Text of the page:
The class action alleges that the Defendants charged foreign workers large recruitment fees to obtain legal employment at Mac’s Convenience Stores in Western Canada. Mac’s then entered into employment contracts with the foreign workers. When the workers arrived in Canada, Mac’s refused or neglected to provide the work that was guaranteed in the employment contract. The class action is seeking compensation for the workers harmed by this practice.

For more information about this class action, please click here.

Media Coverage

Money for hurt feelings

By Midhath Mahir

Employees who have been wrongfully dismissed may be able to claim aggravated damages - monetary compensation awarded by the court for mental distress or anguish. For a long time, Canadian courts did not recognize damages for mental anguish, as it was not something that could be claimed under breach of contract, especially if due notice was given in employment cases.

This all changes in the 2000s. Since then, Canadian courts have become more open to (but still very cautious about) awarding aggravated damages in situations where employment contracts have been breached, which in turn caused mental anguish or distress to the employee. This is also true in cases where employees are thrown out of their jobs in a wrongful, very unfair or disgraceful manner.

Two things need to be established in court to have a chance of claiming aggravated damages if you have been wrongfully dismissed:

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LRB finds TPPA breached Code

On Friday, the Labour Relations Board held that the Transit Police Professional Association (the “TPPA”) “demonstrated blatant and reckless disregard for the Complainant’s interests” in a duty of fair representation complaint (at para. 166 of BCLRB No. B153/2017) we filed on behalf of the Complainant. The TPPA is no stranger to the Labour Relations Board as it raided COPE 378/MoveUP several years ago in order to represent the bargaining unit at issue in this complaint. Duty of fair representation complaints are very rarely successful but in this case, the Board found that the TPPA’s conduct breached the Labour Relations Code.

The Board held that, “in all of these circumstances, and given that the TPPA was aware that the Complainant had not received wages since March 11, 2016, her sick leave pay had expired, her LTD claim had been denied, and her WorkSafeBC appeal was yet to be determined”, the TPPA should have done more than it did, which was deciding to take no further action at all.

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A victory in the fight for justice for migrant workers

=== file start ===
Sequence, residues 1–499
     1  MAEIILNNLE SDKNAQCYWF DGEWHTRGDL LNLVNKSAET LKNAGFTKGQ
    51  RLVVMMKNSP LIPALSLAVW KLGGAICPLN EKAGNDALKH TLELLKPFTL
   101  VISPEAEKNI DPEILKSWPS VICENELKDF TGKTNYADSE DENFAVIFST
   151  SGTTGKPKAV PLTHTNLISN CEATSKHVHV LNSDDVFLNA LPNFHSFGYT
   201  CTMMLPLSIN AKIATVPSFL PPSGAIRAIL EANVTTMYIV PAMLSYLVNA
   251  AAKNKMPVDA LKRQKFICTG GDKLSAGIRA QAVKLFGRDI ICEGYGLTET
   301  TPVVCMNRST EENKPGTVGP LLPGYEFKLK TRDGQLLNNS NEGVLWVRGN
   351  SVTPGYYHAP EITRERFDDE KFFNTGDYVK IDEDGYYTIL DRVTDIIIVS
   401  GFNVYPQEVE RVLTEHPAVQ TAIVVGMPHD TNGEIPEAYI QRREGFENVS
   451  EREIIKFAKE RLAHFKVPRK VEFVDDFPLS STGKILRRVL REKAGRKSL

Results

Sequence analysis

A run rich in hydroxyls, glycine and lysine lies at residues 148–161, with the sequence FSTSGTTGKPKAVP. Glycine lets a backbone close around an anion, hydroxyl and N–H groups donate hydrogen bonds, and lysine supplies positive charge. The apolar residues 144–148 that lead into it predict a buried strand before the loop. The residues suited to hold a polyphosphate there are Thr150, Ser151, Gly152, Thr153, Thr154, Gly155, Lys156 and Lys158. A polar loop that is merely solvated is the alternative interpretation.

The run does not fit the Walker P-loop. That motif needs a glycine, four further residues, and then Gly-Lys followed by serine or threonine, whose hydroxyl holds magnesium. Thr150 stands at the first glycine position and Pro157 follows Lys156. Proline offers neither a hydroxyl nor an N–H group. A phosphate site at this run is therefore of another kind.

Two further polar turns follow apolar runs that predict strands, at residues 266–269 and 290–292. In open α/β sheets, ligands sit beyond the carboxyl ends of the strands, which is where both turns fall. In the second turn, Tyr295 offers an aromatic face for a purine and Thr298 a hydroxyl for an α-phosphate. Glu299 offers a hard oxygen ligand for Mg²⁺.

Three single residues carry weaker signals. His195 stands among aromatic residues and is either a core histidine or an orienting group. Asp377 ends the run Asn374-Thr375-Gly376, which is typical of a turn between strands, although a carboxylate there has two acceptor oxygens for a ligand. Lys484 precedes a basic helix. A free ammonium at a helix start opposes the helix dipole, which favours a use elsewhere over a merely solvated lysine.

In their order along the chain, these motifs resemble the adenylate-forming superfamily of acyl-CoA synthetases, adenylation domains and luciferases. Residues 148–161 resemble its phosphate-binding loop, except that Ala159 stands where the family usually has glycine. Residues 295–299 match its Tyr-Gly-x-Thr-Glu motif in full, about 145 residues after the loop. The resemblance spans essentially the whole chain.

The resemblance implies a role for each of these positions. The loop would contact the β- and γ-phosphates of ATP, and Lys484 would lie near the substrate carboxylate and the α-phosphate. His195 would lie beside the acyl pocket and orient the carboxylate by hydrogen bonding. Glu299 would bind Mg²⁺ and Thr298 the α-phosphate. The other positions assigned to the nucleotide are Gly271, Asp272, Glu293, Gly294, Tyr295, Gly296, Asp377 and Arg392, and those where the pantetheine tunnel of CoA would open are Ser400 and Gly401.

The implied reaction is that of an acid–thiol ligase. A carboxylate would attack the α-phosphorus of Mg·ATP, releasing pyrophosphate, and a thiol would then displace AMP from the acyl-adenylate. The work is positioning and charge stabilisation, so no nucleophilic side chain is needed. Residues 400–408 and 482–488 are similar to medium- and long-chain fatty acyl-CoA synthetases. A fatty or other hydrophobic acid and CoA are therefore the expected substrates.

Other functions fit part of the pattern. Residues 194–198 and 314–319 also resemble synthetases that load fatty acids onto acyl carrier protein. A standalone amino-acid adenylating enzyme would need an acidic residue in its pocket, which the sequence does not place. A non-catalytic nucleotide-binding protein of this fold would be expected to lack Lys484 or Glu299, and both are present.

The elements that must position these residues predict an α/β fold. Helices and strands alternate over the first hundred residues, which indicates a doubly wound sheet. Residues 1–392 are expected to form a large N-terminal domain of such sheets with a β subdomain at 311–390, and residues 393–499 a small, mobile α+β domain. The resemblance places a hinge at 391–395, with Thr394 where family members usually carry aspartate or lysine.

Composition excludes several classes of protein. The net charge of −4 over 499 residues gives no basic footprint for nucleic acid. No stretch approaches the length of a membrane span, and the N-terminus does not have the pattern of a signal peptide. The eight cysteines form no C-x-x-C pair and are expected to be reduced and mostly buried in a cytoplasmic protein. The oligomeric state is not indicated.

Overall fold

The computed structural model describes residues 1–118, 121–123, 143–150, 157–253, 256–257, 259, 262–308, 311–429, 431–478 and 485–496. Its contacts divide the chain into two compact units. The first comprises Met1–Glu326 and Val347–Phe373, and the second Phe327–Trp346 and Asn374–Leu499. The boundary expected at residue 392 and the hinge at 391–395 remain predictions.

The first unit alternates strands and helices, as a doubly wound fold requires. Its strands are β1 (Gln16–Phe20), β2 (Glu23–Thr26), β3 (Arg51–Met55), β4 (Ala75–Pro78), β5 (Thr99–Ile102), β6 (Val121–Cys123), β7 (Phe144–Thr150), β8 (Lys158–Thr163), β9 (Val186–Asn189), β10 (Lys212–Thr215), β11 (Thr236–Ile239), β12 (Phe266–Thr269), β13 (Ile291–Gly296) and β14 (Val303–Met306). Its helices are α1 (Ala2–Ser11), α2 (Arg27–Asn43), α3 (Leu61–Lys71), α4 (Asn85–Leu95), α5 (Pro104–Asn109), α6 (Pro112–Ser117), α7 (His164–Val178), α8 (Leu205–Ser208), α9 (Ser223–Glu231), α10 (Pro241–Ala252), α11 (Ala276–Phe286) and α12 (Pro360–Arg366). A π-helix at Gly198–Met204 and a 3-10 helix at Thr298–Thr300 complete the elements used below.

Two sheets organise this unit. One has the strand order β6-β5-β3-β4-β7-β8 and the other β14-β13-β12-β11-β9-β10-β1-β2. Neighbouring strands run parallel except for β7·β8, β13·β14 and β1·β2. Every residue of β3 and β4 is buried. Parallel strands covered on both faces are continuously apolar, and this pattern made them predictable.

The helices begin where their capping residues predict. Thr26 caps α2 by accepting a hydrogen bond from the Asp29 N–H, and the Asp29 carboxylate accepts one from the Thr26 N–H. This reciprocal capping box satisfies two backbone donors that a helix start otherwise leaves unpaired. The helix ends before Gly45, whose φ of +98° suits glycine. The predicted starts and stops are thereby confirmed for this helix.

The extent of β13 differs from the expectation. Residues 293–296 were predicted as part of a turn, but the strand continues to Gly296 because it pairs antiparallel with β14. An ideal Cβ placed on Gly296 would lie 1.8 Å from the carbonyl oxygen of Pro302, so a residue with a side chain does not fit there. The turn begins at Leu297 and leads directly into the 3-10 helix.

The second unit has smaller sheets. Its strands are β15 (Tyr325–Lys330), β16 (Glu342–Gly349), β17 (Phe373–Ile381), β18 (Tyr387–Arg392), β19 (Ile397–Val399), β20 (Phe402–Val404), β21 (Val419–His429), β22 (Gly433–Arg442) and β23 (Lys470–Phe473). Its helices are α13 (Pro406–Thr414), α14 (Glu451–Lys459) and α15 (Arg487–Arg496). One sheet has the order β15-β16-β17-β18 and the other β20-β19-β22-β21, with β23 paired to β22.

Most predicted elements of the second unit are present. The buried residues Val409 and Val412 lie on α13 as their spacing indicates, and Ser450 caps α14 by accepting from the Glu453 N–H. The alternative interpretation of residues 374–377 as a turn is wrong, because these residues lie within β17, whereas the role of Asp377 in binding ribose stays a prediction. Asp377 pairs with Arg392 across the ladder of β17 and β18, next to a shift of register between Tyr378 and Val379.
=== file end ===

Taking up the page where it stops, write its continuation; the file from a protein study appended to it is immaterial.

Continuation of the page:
Imagine leaving everything behind: friends and family, a familiar culture, the life you thought you'd live. Paying a shady company you don't know much about thousands of dollars, a nearly impossible amount of money that you somehow you scrape together through hard work, loans, and selling what you and your family can, all so you can get a minimum-wage job in Canada. Travelling across the globe, landing in Vancouver, being taken by a stranger to a dingy hotel on King George Highway where you are to share a room with several more strangers, also migrant workers like yourself.

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Q: Supreme Court change the rules in Stewart v. Elk Valley Coal? A: No

This 8:1 decision the Supreme Court of Canada has upheld a Human Rights Tribunal decision that a cocaine addict in a safety-sensitive job, who was fired for violating the employer’s policy by failing to report his addiction and then being involved in an accident, was not fired (on the facts of the particular case) because of his disability but rather because he violated the policy under circumstances where it was entirely within his capacity to comply with it.

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Employer ordered to house and feed IUOE organizers raiding CLAC at remote work camp

In a decision issued last month, the Labour Relations Board granted IOUE Local 115 organizers access to an access-controlled employee residence (i.e. a company work camp) for the purpose of organizing employees on the Site C dam project. This was a “raid”, or rather a “liberation”, of the workers from CLAC and the organizing period was time-sensitive. The employer was also ordered to provide union representatives food and lodging and a place to meet with workers during the period of access.  

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Privacy paranoia may be pragmatic...

Since his inauguration less than a month ago, President Donald Trump and his executive orders have been a frequent topic of conversation online and in our office.

One of Trump’s lesser-publicized executive orders, issued January 25, 2017,

may significantly impact the Department of Homeland Security's 2007 policy that extends certain U.S. Privacy Act protections to non-U.S. persons.

Being a self-proclaimed privacy nerd, I immediately wrote to the Office of the Privacy Commissioner of Canada to express my concerns, given the amount of personal information that Canadian agencies routinely provide to U.S. agencies.

This afternoon, I received the following response from the Office of the Privacy Commissioner of Canada: